Like many young women in the journalism industry, I grew up listening to the news and one of the voices that I became accustomed to hearing every morning was Katie Couric’s. At the time, I didn’t know I wanted to be a journalist, but women like Katie Couric represented a potential for me to pursue that once I grew up. This past week, I got the opportunity to see Couric live for her book tour for “Going There” and found myself disappointed in her ability to talk about tough issues in a way that felt empathetic to the people and issues she was discussing.
Now, 11 years later, sitting in The Chicago Theatre, my enthusiasm to hear her discuss her new book dropped like a weight to my feet. In her latest book, Couric writes about her life throughout her years as a journalist and online TV woman but the event, at best, felt out of touch. From NBC to the Today Show, Katie Couric has been in our living rooms reporting on topics ranging from presidential interviews to Harry Potter books. While she may have made our mothers laugh, when she came to Chicago, she left a sour taste in my mouth. It felt obscene and insensitive as she right off the bat joked about her eating disorder before moving swiftly to gun violence in Chicago.
Throughout the show, I had to keep checking that I wasn’t the only one astonished with her aloof behavior towards extremely traumatic topics, but to my surprise, everyone was laughing along. Off-putting jokes combined with random sound effects blaring through the theater came off as trying too hard to be likable, but maybe I just didn’t fit her desired demographic as a college student.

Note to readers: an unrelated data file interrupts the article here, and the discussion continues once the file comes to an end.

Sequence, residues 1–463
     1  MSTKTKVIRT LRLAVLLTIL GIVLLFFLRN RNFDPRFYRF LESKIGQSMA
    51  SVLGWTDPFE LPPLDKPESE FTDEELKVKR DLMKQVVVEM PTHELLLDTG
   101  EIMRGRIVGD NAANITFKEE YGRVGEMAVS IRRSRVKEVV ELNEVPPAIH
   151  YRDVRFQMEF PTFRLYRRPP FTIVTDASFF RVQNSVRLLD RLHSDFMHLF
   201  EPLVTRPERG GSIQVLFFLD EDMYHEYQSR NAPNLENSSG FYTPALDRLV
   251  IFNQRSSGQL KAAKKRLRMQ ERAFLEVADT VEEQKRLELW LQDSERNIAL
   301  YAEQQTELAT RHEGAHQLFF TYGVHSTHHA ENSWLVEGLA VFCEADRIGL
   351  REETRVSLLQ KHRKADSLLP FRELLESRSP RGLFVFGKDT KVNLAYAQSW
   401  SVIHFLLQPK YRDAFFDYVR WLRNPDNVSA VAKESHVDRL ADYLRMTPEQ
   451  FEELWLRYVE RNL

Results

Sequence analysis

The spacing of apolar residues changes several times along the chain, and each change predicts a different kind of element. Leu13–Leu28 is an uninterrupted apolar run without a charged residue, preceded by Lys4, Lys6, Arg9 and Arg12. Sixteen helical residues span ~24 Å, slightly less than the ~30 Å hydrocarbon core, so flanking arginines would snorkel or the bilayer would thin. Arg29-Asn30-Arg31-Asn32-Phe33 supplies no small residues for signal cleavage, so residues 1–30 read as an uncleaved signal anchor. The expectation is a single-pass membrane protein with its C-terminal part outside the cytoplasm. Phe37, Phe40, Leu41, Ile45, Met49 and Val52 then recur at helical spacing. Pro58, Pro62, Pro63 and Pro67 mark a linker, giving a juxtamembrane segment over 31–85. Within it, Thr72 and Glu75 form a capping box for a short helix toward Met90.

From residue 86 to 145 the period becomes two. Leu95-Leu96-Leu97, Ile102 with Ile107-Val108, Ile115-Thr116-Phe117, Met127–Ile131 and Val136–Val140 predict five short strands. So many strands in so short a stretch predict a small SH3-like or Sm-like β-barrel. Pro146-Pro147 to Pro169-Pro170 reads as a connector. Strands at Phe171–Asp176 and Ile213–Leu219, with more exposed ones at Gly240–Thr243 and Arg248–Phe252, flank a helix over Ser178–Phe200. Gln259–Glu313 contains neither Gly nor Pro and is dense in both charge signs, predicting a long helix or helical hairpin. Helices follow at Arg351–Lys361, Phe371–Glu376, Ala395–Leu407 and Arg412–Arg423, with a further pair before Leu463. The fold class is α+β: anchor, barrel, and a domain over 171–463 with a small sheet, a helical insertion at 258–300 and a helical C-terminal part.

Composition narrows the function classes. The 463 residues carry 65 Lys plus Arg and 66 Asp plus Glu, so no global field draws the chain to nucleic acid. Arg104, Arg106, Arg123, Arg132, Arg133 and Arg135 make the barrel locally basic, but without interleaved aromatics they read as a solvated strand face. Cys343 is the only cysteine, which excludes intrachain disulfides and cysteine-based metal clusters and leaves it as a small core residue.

Continuing her life story, she brings up her “mission” to find a husband.
“Be intentional: approach finding a husband with the same rigor as you would a career,” Couric said. This sentiment seemed to say that finding love was something to check off a to-do list for the perfect life. While this is a common idea for some people I never liked the idea of finding love and getting married as a requirement to becoming a complete woman.
Moving on from her build-a-husband, Couric introduced a couple who she did a story on in the beginning of her career. The couple, Pamela and Tom Bosely, are parents of Terrel Bosely who was murdered in 2006 in front of Lights of Zion Church. She brought them on to speak about their loss and how they have overcome it by helping others in similar situations. But it came off as collecting their trauma as a stepping stone for her career rather than bringing awareness to an important issue. She sped past their mention of community groups and fundraisers and, instead of projecting the specific groups to help bring awareness on the screen, photos of herself phased in and out.
After they share their trauma and inform the crowds of how to help, Couric asks why gun violence hasn’t gotten better as if this family has the answers to such a difficult question. The off-color comment along with appropriating pain felt extremely targeted and ruined any level of respect I had left. Right after the family leaves, she just continues on with her life story in a transition that felt tone-deaf to the previous interview.
As if the night couldn’t get any worse, the topic of Matt Lauer arises, and the #MeToo movement alongside it. Couric’s explanation of the events that transpired with her partner on NBC News after Lauer was fired for inappropriate sexual behavior sounded more like a casual misunderstanding than a traumatic experience for many young women. She calls the men who got fired from their jobs for sexual misconduct “casualties” as if sexual predators are victims in war. In her book, Couric asks, “Why didn’t these women just tell Matt to take a hike?”
“I realized,” she adds, “not everyone is built for that kind of confrontation.”
I was disgusted to hear someone I used to look up to articulate an assumption that women should be responsible for men’s behavior. Katie Couric’s “Going There” book tour disappointed me, and ended my admiration for one of America’s favorite TV journalists.